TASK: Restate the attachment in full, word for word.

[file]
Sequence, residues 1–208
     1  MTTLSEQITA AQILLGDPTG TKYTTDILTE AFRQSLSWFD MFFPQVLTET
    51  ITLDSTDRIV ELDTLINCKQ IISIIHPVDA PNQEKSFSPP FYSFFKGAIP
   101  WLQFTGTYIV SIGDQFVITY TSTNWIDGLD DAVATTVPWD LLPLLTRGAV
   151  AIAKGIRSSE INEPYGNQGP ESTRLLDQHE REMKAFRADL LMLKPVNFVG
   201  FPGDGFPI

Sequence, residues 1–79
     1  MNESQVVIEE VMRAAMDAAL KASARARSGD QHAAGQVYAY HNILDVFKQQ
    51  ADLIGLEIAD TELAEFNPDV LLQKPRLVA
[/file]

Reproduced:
Sequence, residues 1–208
     1  MTTLSEQITA AQILLGDPTG TKYTTDILTE AFRQSLSWFD MFFPQVLTET
    51  ITLDSTDRIV ELDTLINCKQ IISIIHPVDA PNQEKSFSPP FYSFFKGAIP
   101  WLQFTGTYIV SIGDQFVITY TSTNWIDGLD DAVATTVPWD LLPLLTRGAV
   151  AIAKGIRSSE INEPYGNQGP ESTRLLDQHE REMKAFRADL LMLKPVNFVG
   201  FPGDGFPI

Sequence, residues 1–79
     1  MNESQVVIEE VMRAAMDAAL KASARARSGD QHAAGQVYAY HNILDVFKQQ
    51  ADLIGLEIAD TELAEFNPDV LLQKPRLVA